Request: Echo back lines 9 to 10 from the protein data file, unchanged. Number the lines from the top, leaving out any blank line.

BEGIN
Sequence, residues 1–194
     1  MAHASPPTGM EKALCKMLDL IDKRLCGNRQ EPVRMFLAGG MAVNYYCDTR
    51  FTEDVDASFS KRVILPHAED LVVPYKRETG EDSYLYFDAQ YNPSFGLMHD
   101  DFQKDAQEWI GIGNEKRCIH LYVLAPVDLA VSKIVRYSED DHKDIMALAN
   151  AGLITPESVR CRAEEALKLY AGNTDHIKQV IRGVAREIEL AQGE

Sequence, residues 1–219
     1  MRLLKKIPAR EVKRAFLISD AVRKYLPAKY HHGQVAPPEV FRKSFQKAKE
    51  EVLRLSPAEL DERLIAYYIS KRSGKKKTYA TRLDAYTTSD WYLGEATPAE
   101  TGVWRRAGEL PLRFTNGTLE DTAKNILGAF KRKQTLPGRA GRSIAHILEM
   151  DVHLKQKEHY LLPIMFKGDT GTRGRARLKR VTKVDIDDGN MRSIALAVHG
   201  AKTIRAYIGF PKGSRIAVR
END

   101  TGVWRRAGEL PLRFTNGTLE DTAKNILGAF KRKQTLPGRA GRSIAHILEM
   151  DVHLKQKEHY LLPIMFKGDT GTRGRARLKR VTKVDIDDGN MRSIALAVHG